The Role of Laparoscopy in Penetrating Abdominal Trauma: Our Initial Experience

Modise Z. Koto, Oleh Y. Matsevych*, Sooraj R. Motilall

*Corresponding author for this work

Research output: Contribution to journalArticlepeer-review

18 Citations (Scopus)

Abstract

Background: Diagnostic and therapeutic laparoscopy is a known approach in managing patients with penetrating abdominal trauma (PAT). However, multiple controversies exist on indications, contraindications, and its appropriateness. The aim of this study was to evaluate the appropriateness of diagnostic and therapeutic laparoscopy in patients with PAT at Dr George Mukhari Academic Hospital, Pretoria, South Africa. Materials and Methods: This was a retrospective, observational study. All patients with PAT managed by diagnostic and therapeutic laparoscopy during 2012-2013 were included. Recorded indications and contraindications, the mechanism of injury, the anatomical location of injury, intraoperative findings, reasons for conversion, and adverse outcomes (complications, reoperations and mortality) were analyzed in every case. Results: One hundred fourteen patients were included. Stab injuries were sustained by 81 (71%) patients, and 33 (29%) patients sustained gunshot wounds (GSW) to the abdomen. The conversion rate was 7%. The operation was completed laparoscopically in 106 patients: 79 with stab wounds (74.5%) and 27 with GSW (25.5%). Laparoscopy was diagnostic for 44 patients (41.5%) and therapeutic for 62 patients (58.5%). In total, 13 patients (12%) required re-intervention, and 2 patients died (1.9%). The complications were not specific to the laparoscopic approach. No missed injuries were reported in the study. Conclusions: Diagnostic and therapeutic laparoscopy in patients with PAT is an appropriate management in hemodynamically stable patients or those responsive to initial resuscitation. The location of injuries is not a limiting factor, although it affects placement of ports. The conversion is not a complication but rather the correct way of completing the operation in an appropriate situation. It should be considered in patients with extensive intraabdominal bleeding suggesting the possibility of major vessel injury, a significant deterioration of the patient, and the complexity of injuries requiring a prolonged laparoscopic procedure.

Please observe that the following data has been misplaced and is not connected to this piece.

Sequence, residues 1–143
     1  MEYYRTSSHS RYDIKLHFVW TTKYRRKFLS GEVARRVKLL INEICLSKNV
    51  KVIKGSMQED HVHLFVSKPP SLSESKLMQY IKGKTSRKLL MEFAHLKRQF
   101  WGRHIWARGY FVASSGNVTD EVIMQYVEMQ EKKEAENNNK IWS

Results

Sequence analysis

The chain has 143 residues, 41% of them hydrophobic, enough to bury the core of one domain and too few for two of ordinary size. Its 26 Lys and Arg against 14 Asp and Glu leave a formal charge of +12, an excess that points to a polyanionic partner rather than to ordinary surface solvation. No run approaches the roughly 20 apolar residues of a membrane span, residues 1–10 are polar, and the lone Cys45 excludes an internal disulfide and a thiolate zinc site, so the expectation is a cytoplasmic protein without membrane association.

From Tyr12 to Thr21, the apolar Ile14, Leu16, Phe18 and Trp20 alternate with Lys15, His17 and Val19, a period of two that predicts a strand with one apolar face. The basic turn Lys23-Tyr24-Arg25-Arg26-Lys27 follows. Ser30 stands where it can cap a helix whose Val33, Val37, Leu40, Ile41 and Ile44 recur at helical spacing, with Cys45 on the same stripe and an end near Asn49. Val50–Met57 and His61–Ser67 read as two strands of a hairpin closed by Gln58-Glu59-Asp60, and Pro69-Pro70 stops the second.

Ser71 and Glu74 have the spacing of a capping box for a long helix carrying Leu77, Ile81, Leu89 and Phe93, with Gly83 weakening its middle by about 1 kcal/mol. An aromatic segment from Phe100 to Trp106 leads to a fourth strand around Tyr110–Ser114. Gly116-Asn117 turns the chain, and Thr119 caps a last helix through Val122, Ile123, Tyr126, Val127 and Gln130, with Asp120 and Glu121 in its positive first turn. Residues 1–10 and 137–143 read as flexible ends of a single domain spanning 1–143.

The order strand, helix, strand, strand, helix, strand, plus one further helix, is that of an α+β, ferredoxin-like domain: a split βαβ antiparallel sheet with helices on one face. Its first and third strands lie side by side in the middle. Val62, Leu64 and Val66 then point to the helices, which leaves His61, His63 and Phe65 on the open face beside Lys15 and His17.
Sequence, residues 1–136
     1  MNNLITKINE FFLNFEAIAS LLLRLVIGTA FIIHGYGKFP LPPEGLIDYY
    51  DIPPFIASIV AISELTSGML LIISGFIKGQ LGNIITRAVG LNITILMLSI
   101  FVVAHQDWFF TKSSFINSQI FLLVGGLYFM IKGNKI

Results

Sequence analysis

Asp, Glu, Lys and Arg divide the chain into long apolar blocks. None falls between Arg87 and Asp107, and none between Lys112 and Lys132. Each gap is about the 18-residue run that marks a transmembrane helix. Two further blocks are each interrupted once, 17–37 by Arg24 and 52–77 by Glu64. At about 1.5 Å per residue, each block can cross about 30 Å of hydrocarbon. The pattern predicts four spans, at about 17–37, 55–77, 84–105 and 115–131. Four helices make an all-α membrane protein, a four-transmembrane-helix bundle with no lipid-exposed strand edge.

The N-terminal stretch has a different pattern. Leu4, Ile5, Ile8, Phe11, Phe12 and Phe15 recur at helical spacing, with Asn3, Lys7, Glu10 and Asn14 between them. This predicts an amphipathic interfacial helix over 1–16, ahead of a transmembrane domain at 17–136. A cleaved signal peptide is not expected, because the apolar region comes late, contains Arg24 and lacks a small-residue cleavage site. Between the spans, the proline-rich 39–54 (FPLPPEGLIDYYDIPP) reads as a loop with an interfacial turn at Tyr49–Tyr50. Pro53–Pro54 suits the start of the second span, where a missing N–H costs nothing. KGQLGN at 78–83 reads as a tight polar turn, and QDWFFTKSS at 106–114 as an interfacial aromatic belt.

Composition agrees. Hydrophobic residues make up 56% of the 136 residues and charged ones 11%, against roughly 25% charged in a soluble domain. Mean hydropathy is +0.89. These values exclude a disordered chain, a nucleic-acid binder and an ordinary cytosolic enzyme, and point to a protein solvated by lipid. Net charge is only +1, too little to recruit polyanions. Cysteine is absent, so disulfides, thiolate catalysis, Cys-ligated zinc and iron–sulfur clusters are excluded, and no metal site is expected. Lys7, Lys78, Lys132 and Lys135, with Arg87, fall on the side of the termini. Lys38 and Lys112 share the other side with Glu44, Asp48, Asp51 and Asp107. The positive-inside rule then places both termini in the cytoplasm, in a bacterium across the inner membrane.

Original languageEnglish
Pages (from-to)730-736
Number of pages7
JournalJournal of Laparoendoscopic and Advanced Surgical Techniques - Part A
Volume25
Issue number9
DOIs
Publication statusPublished - 1 Sep 2015

Fingerprint

Dive into the research topics of 'The Role of Laparoscopy in Penetrating Abdominal Trauma: Our Initial Experience'. Together they form a unique fingerprint.

Cite this